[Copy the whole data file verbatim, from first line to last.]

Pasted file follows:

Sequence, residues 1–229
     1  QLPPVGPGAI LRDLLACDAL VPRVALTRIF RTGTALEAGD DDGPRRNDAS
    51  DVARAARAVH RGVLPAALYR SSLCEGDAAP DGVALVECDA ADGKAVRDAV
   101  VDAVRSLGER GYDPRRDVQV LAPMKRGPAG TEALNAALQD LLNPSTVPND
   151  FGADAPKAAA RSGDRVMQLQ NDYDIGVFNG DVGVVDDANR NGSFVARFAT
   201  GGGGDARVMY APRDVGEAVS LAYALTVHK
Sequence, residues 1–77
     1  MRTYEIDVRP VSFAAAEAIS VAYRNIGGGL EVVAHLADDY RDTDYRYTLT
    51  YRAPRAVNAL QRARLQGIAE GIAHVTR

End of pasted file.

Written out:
Sequence, residues 1–229
     1  QLPPVGPGAI LRDLLACDAL VPRVALTRIF RTGTALEAGD DDGPRRNDAS
    51  DVARAARAVH RGVLPAALYR SSLCEGDAAP DGVALVECDA ADGKAVRDAV
   101  VDAVRSLGER GYDPRRDVQV LAPMKRGPAG TEALNAALQD LLNPSTVPND
   151  FGADAPKAAA RSGDRVMQLQ NDYDIGVFNG DVGVVDDANR NGSFVARFAT
   201  GGGGDARVMY APRDVGEAVS LAYALTVHK
Sequence, residues 1–77
     1  MRTYEIDVRP VSFAAAEAIS VAYRNIGGGL EVVAHLADDY RDTDYRYTLT
    51  YRAPRAVNAL QRARLQGIAE GIAHVTR